Jumpy Not Bumpy Says Beata As Leaders Survive Scare

Over-Heating Is A Mount Etna Problem

Not content with finishing Day 9 at the top of the Temple Rally, Tomasz Dzitko and his partner in life and car, Beata, stood on Mount Etna and decided to celebrate by going even higher with a cable car to the summit.

After a good day but one which had some worries and saw their lead cut, it was the perfect way for the Polish pair to ease their way into a rest day where everyone can recharge the batteries in Sicily and plan their campaigns for the final surge in the HERO-ERA 2500 mile run from Athens to Rome.

On a day which began in the blazing heat in Agrigento and ended at 6200 feet on Etna with a beautiful warm breeze helping create a perfect temperature, it was always going to be demanding on roads which at times look as if they were made of the black solidified lava which has to be seen to be believed.  

After a high speed test on a karting circuit which was longer and wider than most, giving the more powerful cars a chance to let the horses loose, the cars climbed high and then began the task of keeping to the regularity speeds while picking a path on roads which were often twisted and broken as if being pushed by geological forces below.

“It was very bumpy with a lot of potholes, too,” said Tomasz, only to be corrected by Beata. “No, these roads are jumpy, not bumpy,” she insisted with a grimace. “It’s really uncomfortable when you are being thrown around” she added having already donned a knee brace for her daily wear to stop the bruising as her leg banged against a safety bar.

“We managed a zero on Regularity 3, so that was great.” said Tomasz “but then we overheated which is easy to do in these temperatures and with big climbs.  We had to sit and wait for the car to cool and that cost us. To be honest, I am glad it’s over and it is a relief that we are still on top. Now we look forward to a rest day and it’s not just for us, the car has earned it, too.”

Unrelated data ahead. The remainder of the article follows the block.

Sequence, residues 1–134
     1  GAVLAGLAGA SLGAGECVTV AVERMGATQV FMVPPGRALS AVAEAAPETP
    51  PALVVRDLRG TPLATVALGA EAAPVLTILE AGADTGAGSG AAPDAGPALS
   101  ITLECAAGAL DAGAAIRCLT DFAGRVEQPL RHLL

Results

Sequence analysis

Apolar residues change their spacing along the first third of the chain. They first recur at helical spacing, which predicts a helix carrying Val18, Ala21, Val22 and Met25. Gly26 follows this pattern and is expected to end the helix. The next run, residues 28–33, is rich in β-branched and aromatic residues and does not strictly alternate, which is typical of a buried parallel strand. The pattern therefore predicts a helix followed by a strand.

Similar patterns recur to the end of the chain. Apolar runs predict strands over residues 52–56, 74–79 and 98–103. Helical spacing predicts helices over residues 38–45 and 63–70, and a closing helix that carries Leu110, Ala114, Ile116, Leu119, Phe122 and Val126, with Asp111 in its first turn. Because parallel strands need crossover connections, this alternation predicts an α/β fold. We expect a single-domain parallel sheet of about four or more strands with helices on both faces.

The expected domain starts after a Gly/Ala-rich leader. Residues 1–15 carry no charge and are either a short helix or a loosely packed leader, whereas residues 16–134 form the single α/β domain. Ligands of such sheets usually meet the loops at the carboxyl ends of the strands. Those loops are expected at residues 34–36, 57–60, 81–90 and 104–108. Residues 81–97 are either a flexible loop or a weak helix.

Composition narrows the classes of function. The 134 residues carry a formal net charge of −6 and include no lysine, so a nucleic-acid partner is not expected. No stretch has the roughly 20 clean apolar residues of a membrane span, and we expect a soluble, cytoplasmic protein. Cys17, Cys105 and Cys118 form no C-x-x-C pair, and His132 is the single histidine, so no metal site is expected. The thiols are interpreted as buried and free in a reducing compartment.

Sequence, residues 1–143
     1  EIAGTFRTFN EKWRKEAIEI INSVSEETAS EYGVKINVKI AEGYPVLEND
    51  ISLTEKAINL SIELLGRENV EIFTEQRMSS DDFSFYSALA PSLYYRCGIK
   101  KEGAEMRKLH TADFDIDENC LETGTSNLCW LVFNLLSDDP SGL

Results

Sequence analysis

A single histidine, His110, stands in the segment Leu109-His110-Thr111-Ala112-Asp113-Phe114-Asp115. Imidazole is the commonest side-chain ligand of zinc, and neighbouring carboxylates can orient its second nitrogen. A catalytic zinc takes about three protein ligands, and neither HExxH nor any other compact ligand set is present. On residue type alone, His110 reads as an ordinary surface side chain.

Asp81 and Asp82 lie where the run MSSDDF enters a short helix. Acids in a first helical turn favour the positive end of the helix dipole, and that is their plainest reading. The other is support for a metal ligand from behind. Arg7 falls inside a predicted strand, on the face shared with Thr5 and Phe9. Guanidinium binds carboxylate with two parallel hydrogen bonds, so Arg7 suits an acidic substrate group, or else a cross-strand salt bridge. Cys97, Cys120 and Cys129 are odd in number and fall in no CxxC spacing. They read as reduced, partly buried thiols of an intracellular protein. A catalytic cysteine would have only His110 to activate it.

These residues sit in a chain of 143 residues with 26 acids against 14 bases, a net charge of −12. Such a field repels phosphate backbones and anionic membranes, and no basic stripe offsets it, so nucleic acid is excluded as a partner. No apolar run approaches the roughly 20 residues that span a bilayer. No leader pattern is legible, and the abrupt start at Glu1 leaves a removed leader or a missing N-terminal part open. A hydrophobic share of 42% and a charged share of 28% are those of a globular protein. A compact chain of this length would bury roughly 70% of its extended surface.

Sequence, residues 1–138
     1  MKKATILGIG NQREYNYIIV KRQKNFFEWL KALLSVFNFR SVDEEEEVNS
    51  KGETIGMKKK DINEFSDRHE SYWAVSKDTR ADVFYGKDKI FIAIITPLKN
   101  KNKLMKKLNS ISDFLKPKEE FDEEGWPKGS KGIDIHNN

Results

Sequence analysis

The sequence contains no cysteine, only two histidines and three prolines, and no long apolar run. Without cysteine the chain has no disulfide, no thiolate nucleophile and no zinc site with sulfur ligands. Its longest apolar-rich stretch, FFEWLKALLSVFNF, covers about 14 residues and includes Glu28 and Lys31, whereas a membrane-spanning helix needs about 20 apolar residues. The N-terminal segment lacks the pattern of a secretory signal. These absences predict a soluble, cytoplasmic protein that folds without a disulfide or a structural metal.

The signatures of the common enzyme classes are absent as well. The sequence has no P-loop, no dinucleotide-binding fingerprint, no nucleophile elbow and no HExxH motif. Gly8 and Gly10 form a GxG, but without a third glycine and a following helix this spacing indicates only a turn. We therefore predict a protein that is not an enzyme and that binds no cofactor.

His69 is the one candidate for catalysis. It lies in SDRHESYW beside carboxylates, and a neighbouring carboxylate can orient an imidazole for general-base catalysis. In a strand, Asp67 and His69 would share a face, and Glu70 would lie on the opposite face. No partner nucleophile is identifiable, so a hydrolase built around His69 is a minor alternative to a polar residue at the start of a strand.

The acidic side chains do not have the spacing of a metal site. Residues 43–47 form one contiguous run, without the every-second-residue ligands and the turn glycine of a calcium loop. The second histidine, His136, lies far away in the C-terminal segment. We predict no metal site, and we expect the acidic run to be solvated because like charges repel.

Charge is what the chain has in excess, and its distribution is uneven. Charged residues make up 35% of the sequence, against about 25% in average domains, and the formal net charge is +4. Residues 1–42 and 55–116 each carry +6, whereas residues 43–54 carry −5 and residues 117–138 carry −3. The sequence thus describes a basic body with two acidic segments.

Their’s was not the only MGB GT to have overheating issues for Steve and Penny Gale also suffered during a fiercely hot day and then lost the brakes after making the hairpin littered descent from Etna, being given a helping hand by the HERO-ERA sweeps on the way home.

The lead over Swiss father and daughter combination, Benno and Nina Britischgi has been reduced to 56 seconds after another good outing for the Mustang.   “Not too bad and amazing views but hard work,” said Benno. “There’s a way to go yet so let’s see what happens.”

In third place remain the very constant Mortons, Peter and Louise, who survived a couple of problems of their own.   The first was again sorted out over lunch by the HERO-ERA mechanics when the gearbox was using too much oil. In the afternoon they suffered their BMW 2002 spluttering at times in the regularities after filling up at a mountain village fuel station.

“The fuel might have been dodgy,” said Louise.  “But it wasn’t a bad day for us and this is yet another amazing spot we have stopped at on this rally, standing at Mount Etna at 6250 feet.  It really is wonderful.”

Nigel Dowding and Mary Antcliff, from England, edged their 1934 Aston Martin up a place to fourth at the expense of Scotland’s Andrew Laing and Ian Milne who described their run in the Datsun 240Z as “terrible.”

Wrong turns, getting lost, over-shooting corners, loose surfaces all added to the tales of we in many cases as the rally finally came to a pause in the popular coastal town of Taormina. By then, some of the crews had even found time at lunch to visit the nearby world-renowned Villa Romano Del Casale with its beautiful mosaics which are wonderfully preserved.

Rest day or not, the mechanics will be at work tomorrow looking again at Christian and Beatrice Collenberg’s BMW 1800.  The Swiss couple have been going well but on Day 9, on the tricky roads, he found sand which blows off the fields, and hit a wall, damaging the suspension. The car limped home but they dropped a lot of places.

Another father-daughter combination is that of Ivan Pusnik and Tisa, Slovenians who live in Switzerland where they have taken part in a lot of shorter rallies together. Ivan, who has 20 cars, has entered his slowest, a 1973 Saab 99 which is running in 11th place and they are working well together.

“We are pretty slow,”says Tusa, 29, “down to 12kph coming out of uphill hairpins. I get so nervous that I want to get out of the car and push but we knew it would be like this when we entered.  We’re having a great time, we get on so well that sometimes I know what he is going to ask before he does. “It is different in this rally from the way we do things so this is like a test because after this we are doing the Lima to Cape Horn.”

A very different car is coming out to play for the HERO-ERA event in October with Ivan’s 1939 V8 Ford Coupe being unleashed for the four week event. “The Temple Rally has been so useful for me, apart from seeing so many great things, I would have been clueless for the Lima – Cape Horn.”

“The Temple is great but I am looking forward to doing the Lima rally in what I call our Al Capone car.  The really cool thing is that when you hit the horn it plays the theme from The Godfather.” Ivan , who admits finding modern cars “boring” relishes the idea of doing 12000 kilometres in South America with his daughter but says his immediate aim is for them to reach Rome next week.

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